Unit Plan: Financial Literacy

Math / Grade 4-7

Big Ideas

1. Number represents and describes quantity: Parts of wholes can be represented by fractions and decimals

2. Developing computational fluency comes from a strong sense of number.


  • Monetary calculations, percent calculations, value of money
  • Consumer math, budgeting, monetary calculations
Essential Questions

Students will keep considering…

  • Why is money important?
  • How do values determine spending habits ?
  • What is financial responsiblty?
  • How is worth determined?
Evaluative Criteria


Teachers will be assessing students’ ability to:

  • perform whole number and decimal monetary operations
  • make reasonable estimates
  • make logical and realistic spending goals
  • create a working budget
  • solve problems using percent calculations (at higher levels)
  • make thoughtful reflections about the earning and spending choices they make, that relate to their personal values and beliefs




  • students can work at any of the grade levels, to suit their level of skill and understanding
  • budget sheets can be scaffolded for individual students and levels
  • the Chore Chart for Grades 5-7 can be differentiated in terms of the value of each chore
  • values for the chores can be pre-assigned, or you can have a discussion surrounding what each chore should be worth
  • values at the higher level could include algebraic expressions (i.e. a base chore would be worth n, while other chores could be worth something in relation to n)
  • forgetting to do a chore could have a negative impact on a budget (a way to incorporate negative integers and the concept of debt)
  • technology connections could include using Excel to create budgets, as well as various iPad budgeting apps



  • all levels: create a graph to represent your budget (pictographs, line graphs, bar graphs, circle graphs; discuss which graphs would be appropriate and how you might use them)
  • all levels: turn your budget into a board game to demonstrate the concepts of earning and spending by moving forward and backward on the game board; play The Game of Life and Monopoly with students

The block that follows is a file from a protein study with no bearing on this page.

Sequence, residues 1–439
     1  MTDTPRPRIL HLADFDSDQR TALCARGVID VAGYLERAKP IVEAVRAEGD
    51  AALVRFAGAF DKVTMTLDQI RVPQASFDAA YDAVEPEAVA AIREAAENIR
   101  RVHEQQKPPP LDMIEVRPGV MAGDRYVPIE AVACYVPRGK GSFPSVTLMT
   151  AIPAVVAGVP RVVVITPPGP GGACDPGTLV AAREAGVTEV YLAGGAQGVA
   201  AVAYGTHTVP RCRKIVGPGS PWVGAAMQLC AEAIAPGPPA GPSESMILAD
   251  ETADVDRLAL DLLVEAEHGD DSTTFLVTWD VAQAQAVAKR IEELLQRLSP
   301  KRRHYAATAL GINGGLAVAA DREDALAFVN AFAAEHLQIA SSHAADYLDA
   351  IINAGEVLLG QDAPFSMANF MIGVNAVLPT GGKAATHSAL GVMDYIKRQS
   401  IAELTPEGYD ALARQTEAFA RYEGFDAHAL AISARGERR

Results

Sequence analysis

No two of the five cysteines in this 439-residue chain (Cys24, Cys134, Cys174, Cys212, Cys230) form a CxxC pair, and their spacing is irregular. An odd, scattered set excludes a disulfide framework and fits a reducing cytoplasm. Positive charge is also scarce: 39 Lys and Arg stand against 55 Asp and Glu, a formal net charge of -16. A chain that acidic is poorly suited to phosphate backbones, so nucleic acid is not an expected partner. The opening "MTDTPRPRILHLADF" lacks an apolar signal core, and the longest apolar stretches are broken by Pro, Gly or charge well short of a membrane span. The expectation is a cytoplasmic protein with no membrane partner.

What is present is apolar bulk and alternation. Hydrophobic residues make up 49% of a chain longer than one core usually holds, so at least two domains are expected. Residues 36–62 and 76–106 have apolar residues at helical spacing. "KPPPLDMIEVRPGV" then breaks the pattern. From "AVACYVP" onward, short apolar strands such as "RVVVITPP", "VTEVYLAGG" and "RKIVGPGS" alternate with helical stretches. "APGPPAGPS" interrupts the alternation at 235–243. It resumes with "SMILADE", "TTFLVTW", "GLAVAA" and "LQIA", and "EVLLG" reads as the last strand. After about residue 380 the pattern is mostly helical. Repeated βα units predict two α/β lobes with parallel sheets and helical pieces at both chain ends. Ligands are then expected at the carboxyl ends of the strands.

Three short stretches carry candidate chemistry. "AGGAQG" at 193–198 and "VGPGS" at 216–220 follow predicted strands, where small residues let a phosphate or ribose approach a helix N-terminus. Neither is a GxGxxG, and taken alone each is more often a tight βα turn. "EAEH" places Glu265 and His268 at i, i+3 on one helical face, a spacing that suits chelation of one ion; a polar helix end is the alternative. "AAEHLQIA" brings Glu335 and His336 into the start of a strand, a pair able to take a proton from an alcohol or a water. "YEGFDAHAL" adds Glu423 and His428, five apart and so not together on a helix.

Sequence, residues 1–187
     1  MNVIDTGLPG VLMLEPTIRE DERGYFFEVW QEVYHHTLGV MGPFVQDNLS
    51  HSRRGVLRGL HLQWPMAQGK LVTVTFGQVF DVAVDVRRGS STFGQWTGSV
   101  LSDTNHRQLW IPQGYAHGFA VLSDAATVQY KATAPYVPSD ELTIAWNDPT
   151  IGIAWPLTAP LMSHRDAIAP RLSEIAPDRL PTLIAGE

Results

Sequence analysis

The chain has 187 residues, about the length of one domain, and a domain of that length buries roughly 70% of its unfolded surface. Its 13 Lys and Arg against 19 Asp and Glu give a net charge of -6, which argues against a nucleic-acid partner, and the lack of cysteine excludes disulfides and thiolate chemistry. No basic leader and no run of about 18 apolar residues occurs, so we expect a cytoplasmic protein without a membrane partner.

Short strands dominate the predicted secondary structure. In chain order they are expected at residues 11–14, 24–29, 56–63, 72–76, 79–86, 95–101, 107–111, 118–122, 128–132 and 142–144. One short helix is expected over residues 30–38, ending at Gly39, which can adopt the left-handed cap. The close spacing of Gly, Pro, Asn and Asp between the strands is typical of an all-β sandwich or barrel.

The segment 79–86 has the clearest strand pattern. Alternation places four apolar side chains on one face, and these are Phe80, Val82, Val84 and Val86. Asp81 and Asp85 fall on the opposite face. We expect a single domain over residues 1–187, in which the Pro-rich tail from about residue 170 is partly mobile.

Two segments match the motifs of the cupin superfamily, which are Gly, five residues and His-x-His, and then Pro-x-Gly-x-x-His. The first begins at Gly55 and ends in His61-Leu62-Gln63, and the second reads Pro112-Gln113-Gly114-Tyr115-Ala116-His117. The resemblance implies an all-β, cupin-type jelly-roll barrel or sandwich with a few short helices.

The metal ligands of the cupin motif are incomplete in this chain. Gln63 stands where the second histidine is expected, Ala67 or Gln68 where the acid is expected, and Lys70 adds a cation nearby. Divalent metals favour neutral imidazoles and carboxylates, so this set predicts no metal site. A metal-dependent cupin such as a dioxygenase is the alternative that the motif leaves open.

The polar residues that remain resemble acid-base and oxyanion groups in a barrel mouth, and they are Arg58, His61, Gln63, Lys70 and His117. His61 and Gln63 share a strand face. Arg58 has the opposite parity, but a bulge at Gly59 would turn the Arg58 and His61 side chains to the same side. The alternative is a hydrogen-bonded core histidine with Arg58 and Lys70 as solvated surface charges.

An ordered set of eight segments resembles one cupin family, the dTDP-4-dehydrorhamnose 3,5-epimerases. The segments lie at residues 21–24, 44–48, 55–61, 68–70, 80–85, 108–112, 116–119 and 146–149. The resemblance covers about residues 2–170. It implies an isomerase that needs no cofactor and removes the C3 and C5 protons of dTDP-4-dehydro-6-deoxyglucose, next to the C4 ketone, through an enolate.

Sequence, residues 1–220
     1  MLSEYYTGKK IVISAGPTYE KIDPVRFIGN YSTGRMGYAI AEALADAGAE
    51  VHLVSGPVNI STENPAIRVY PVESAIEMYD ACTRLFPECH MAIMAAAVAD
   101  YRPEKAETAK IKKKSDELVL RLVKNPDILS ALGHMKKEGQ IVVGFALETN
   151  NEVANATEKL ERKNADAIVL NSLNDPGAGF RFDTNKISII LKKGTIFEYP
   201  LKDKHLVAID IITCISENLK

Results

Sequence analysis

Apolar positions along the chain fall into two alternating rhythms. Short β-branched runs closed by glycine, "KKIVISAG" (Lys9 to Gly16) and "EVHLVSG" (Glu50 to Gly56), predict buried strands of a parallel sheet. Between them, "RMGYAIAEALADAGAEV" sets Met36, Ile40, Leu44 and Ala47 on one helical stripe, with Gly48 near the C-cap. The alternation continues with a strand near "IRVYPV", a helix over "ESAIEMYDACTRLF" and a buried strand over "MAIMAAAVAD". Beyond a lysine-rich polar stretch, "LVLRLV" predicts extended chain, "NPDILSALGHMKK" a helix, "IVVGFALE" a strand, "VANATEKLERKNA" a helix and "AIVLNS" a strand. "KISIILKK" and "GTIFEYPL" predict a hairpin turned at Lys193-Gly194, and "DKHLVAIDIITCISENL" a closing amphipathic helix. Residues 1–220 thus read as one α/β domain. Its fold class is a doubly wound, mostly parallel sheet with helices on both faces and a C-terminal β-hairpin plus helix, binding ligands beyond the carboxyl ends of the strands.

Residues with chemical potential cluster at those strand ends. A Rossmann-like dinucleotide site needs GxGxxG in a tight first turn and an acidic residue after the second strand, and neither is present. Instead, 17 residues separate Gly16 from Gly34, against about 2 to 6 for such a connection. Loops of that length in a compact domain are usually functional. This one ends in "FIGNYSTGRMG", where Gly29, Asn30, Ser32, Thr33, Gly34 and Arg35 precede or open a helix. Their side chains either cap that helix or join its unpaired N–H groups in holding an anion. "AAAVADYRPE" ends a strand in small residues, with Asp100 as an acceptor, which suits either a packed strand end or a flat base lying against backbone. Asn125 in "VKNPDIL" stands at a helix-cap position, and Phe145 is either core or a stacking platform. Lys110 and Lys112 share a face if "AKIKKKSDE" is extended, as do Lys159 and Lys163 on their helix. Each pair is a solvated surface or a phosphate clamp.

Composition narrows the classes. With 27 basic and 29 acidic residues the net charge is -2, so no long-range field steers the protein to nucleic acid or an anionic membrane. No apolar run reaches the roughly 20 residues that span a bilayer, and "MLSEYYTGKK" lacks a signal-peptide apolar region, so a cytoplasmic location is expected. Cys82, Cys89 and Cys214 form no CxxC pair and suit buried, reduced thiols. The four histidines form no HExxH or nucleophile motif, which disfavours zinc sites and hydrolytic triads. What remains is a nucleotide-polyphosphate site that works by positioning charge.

• Grade 7 level: calculate what percent of your earnings are going to each item/category in your budget
Monitoring Progress

Formative Assessment throughout:

During class discussions, small group discussions and one on one conversations.

Exit slips after various lessons.  Possible frame could be “The most important thing to know about …. is…”

Review of the work students do during the thinking routines.

Assessment of practice activities and students’ ability to perform the monetary calculations.

Imbed “What Makes You Say That?” (Making Thinking Visible Routine) into all class and individual discussions.



  • The History of Money: From Bartering to Banking by Martin Jenkins
  • National Geographic Kids Everything Money: A Wealth of Facts, Photos and Fun by Kathy Furgang



  • Math Makes Sense Grades 4 and 7


  • Making Thinking Visible by Ron Ritchhart and Mark Church




How will teachers and their students reflect on and evaluate the completed project?

Next time I teach this unit I would…

Allow students to select the short stories that link to Identity.

My students needed:


Potential Student Misunderstanding:

Unit Overview








Financial Literacy



Unit Overview

This unit will explore the concepts of financial literacy and financial responsibility.  It is a progressive unit, with many entry points for students at all intermediate grade levels.  Specifically, students will explore the question of why money is important, and the specific concepts of earning, spending, donating and saving, as well as how their own personal values and beliefs could impact the decisions they make with money.  All of the learning tasks will lead to the culminating project where students will create a working budget for themselves.






Unit Duration



Related Big Ideas

Social Studies

Career Education

The following resources are made available through the British Columbia Ministry of Education. For more information, please visit BC’s New Curriculum.


Big Ideas

The Big Ideas consist of generalizations and principles and the key concepts important in an area of learning. The Big Ideas represent what students will understand at the completion of the curriculum for their grade. They are intended to endure beyond a single grade and contribute to future understanding.

Visit the Ministry of Education for more information

Core Competencies

orangecommunicationCommunications Competency

The set of abilities that students use to impart and exchange information, experiences and ideas, to explore the world around them, and to understand and effectively engage in the use of digital media

bluethinkingThinking Competency

The knowledge, skills and processes we associate with intellectual development

greensocialSocial Competency

The set of abilities that relate to students’ identity in the world, both as individuals and as members of their community and society

Visit the Ministry of Education for more information

Curricular Competencies & Content

Curricular Competencies are the skills, strategies, and processes that students develop over time. They reflect the “Do” in the Know-Do-Understand model of curriculum. The Curricular Competencies are built on the thinking, communicating, and personal and social competencies relevant to disciplines that make up an area of learning.

Visit the Ministry of Education for more information

 Additional Resources

First People's Principles of Learning

To read more about First People’s Principles of Learning, please click here.

For classroom resources, please visit the First Nations Education Steering Committee.